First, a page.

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Butter or margarine … which is better?

Read on to get some clarity on what the heart-healthy choice is


With the ongoing debate about which is healthier and with so many fat spreads available at our supermarkets, it can become rather confusing when deciding which one to buy.

Mixed messages in the media and emerging research further add to the confusion.


Read on to get some clarity about what is the heart-healthy choice to use in your kitchen.



Should we be eating fats?

Definitely! Everyone needs some fat in their diet – as a source of energy, to keep your skin and hair healthy, to make certain hormones, and to help your body absorb certain vitamins (A, D, E and K).

But not all fats are created equal, and knowing which fats can improve your heart health or put you at risk for cardiovascular disease (CVD) is an important consideration when making your choice.



What fats should we be eating?

Based on convincing evidence, a heart-healthy diet should include healthy unsaturated fats from a variety of sources, eaten in moderation, while saturated and trans fat intakes should be kept as low as possible[i].



What is the bottom line when it comes to choosing butter or margarine/spreads?

Because butter and most hard / brick margarines are high in unhealthy saturated fats and may contain small amounts of trans fats and cholesterol, it is best to substitute these products with soft tub margarines/spreads.

These products contain more healthy unsaturated fats, less saturated fats, they do not contain cholesterol and many contain very little (if any) trans fats, making them good choices for protecting your heart.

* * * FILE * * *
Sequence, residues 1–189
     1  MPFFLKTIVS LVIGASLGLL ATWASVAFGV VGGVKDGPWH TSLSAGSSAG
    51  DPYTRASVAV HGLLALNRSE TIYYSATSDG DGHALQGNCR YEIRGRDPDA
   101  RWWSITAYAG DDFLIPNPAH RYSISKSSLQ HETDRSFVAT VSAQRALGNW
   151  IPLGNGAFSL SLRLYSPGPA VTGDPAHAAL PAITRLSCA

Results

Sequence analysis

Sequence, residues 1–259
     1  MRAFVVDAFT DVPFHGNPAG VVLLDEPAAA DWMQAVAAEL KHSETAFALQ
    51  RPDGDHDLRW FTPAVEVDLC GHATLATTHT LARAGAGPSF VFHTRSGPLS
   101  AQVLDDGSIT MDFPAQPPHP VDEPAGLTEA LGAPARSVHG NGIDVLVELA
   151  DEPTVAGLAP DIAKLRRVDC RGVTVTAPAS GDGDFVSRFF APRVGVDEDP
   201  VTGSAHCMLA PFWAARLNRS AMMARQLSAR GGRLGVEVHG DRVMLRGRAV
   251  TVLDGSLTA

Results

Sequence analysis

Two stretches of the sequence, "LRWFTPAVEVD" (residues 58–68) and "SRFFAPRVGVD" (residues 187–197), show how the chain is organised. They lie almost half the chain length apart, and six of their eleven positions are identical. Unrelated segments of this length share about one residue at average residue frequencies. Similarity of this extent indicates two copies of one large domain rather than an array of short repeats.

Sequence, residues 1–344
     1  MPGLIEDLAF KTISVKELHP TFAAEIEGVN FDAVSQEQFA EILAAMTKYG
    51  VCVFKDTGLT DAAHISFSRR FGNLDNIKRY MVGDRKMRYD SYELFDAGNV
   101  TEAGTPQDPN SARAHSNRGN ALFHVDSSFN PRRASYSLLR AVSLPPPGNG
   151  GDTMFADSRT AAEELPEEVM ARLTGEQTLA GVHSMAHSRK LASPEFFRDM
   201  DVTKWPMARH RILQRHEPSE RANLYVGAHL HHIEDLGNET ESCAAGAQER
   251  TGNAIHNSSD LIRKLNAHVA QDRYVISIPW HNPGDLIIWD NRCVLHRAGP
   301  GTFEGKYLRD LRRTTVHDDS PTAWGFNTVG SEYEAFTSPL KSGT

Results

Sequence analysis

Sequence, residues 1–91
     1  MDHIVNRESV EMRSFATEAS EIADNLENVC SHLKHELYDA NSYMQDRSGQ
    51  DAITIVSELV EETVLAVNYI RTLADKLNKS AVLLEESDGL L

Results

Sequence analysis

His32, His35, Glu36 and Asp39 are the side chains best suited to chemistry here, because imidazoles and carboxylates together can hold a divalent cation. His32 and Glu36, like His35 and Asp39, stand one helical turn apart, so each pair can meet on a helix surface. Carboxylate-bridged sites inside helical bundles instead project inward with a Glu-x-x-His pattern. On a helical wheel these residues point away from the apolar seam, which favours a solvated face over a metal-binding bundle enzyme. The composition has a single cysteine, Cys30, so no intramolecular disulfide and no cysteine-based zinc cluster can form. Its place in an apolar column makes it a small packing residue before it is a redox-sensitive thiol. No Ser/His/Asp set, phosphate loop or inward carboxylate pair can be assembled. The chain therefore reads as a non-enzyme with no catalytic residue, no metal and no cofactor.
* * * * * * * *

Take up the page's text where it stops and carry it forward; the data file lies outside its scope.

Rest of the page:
Tips for making healthier fat choices when shopping for margarines/spreads:


  • Look out for the Heart Mark logo on soft tub margarines, and use a variety of spreads depending on your needs
  • Light or extra light spreads contain less total fat compared to other spreads – these are good choices if you are trying to lose weight
  • Read the food labels to choose soft tub margarines and oils with the lowest saturated fat content but have higher amounts of healthy omega-3s and monounsaturated fats
  • For baking, choose a vegetable oil or a soft tub margarine/spread which is suitable for baking (read suggestions on the product label)
  • For shallow frying, stir-frying or braising, instead of butter or lard use a small amount of vegetable oil or a soft tub margarine/spread which is suitable for frying (read suggestions on the product label)




[i] Mozaffarian D, Micha R, Wallace S (2010) Effects on Coronary Heart Disease of Increasing Polyunsaturated Fat in Place of Saturated Fat: A Systematic Review and Meta-Analysis of Randomized Controlled Trials. PLoS Med 7(3): e1000252.http://www.plosmedicine.org/article/info%3Adoi%2F10.1371%2Fjournal.pmed.1000252

Source: Heart and Stroke Foundation SA

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